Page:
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Image from page 117 of “The Muse” (1922)
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Identifier: muse1922sain
Title: The Muse
Year: 1922 (1920s)
Authors: Saint Mary’s School
Subjects: St. Mary’s School–Students–Yearbooks. St. Mary’s School–Periodicals. College yearbooks–North Carolina–Raleigh.
Publisher: Raleigh (N.C.): Saint Mary’s School.
Contributing Library: Saint Mary’s School
Digitizing Sponsor: North Carolina Digital Heritage Center

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he night out of her room at least once a week. (5) That she wouldnt be afraid to smoke (if she took the notion. )((i) That she never cracks a book. (7) That she does nothing but write letters in .Mr. Stones classes. (8) That she isnt at all shocked at anything she reads in the Tar Baby, PunchBowl, or Mink. (.)) That she hasnt any high shoes and overshoes ami doesnt intend to get any.( 1(1) That she really wasnt sick those two extra days she stayed home after XmasHolidays but merely attending the New Year dances— In other words that she is a flapper—very much worse than we bad atfirst imagined. L. A. E. €xtra! KEMEMBEE ?— The day we heard we could visit during the spring holidays! The day Miss Morgan gave the honor roll a banquet! The day we began going to the little store unchaperoned ! The day of Evelyns birthday party which began at 1.0:30 I. M.! The day we first bad dates in the parlor! The day the Yarborough Orchestra played at the Sophomores party! One Hundred Three E. H.

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Apt Quotations. Delays have dangerous ends.—Going to Breakfast.Bring me no more reports.—Helen Powell.A rare bird on earth.- Whitehead. Infinite riches in a little room.—Mary Louise in,I Martha.Wlio goeth a-horrowing, goeth a-sorrowins;. Anybody.Her siiuly was Inn little on the Bible.—Thursday Mornings.For litiii»- niori likes to hear herself converse. .1/. T. EverettOh, sin will sing the savageness mil of a bear.—Midge.Reproof on her lip, but a smile in her ryes.—Miss Morgan.Which I have earned from the sweat of my brow.- Seventy mi Miss Mor-gan s Psychology. Get money; still get money, boy, no matter by whal means. Budge mi Pay I)n ii. And n rn sir down to thai nourishment which is called supper.—SundayNights. I must I me a borrower of the night, for a dark hour or twain. — Before Exams. One hurried kiss, one last, one long embrace, one yearning look upon hertender face.- – (rushes. I have n passion For the name of Mary, for once ii was a magic sound tome.—Lenove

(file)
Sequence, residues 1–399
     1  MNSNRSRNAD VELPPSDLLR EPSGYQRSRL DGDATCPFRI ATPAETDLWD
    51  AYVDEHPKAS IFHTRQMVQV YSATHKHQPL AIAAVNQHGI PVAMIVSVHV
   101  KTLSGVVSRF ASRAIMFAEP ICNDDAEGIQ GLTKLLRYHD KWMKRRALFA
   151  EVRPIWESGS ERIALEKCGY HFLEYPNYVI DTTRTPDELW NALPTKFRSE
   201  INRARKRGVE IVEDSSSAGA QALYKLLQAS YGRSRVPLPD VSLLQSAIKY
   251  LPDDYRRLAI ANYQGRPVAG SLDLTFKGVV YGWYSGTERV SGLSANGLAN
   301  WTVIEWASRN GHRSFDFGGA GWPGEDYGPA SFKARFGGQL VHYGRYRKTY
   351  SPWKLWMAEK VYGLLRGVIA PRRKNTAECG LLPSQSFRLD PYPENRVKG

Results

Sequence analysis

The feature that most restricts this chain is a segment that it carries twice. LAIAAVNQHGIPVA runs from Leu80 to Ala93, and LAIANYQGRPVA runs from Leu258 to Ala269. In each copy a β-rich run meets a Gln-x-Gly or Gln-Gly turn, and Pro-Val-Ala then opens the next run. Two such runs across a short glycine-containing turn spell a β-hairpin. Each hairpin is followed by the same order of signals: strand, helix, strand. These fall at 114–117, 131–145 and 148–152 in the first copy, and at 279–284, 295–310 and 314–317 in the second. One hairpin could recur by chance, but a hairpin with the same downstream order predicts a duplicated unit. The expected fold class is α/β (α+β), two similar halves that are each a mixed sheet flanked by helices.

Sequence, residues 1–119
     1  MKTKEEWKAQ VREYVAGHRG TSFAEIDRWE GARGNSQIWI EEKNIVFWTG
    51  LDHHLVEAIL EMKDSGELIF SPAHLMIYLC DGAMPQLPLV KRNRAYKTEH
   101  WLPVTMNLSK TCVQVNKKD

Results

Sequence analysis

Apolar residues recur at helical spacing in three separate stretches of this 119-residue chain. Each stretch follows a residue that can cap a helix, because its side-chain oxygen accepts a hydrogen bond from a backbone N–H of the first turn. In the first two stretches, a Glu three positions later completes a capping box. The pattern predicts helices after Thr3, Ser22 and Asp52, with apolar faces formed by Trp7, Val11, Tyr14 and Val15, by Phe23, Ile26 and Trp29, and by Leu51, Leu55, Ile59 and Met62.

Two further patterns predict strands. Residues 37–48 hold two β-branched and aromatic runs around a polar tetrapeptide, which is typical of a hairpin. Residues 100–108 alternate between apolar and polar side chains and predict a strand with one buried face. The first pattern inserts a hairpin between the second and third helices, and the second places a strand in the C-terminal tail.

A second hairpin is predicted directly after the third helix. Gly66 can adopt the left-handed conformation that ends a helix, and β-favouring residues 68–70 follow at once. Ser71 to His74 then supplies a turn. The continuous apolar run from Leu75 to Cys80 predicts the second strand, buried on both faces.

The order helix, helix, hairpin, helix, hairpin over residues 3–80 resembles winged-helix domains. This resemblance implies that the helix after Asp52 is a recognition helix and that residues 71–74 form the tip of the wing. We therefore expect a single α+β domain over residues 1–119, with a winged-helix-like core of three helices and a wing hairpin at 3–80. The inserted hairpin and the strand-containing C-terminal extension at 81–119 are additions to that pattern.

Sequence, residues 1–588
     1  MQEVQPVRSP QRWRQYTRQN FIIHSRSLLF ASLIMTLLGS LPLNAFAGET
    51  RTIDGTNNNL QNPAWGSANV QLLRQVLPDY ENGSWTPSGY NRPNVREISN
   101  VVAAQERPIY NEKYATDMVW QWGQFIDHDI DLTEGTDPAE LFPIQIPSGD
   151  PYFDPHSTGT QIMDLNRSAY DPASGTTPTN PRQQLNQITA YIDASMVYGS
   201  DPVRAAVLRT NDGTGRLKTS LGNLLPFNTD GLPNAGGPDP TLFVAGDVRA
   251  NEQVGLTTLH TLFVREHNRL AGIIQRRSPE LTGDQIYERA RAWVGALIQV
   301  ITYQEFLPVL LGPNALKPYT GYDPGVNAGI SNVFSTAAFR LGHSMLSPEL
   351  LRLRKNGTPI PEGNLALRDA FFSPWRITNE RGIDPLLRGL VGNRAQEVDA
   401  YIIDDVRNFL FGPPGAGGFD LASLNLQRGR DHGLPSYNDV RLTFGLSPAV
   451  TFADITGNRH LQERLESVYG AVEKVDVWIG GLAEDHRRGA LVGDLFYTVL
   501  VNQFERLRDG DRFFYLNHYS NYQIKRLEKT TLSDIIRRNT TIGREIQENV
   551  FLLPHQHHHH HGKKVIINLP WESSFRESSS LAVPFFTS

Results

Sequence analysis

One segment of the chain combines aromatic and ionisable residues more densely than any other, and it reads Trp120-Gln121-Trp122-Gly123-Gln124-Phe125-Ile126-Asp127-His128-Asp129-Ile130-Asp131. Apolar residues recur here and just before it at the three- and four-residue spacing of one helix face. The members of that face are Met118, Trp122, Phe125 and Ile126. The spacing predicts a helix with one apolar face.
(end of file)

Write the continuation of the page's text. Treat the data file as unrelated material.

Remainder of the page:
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Image from page 148 of “The boys’ revolt; a story of the street arabs of New York” (1894)
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Identifier: boysrevoltstoryo00otis
Title: The boys’ revolt; a story of the street arabs of New York
Year: 1894 (1890s)
Authors: Otis, James, 1848-1912 Hooper, W. P
Subjects: Children’s literature
Publisher: Boston, Estes and Lauriat
Contributing Library: New York Public Library
Digitizing Sponsor: MSN

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Jippy asked, curiously, The fellers chipped in to buy a bunch of flowers forAlice. The girl what sells em down here let me havethis for fifteen cents; cause it was the last she had, ancause it was for Sams sister. Then Joe pulled the paper apart a few inches to giveJippy a glimpse of the gift; and after that had been done,the party set out at a rapid pace for Mrs. Carletonshome, taking no heed whether the strikers saw them ornot, for they were too strong in numbers to fear anattack. On arriving at the house, Jippy led the way upstairs,and knocked softly, lest he should disturb the sick girl,little thinking that neither noise, nor pain, nor privationwould ever trouble her again. It was some moments before the door was opened,and then the visitors saw Jippys mother. Her facewas very grave, and she said, as she led the boys intothe room to the bedside where they saw a tiny formshrouded in white : — The messengers from the Father came for Sams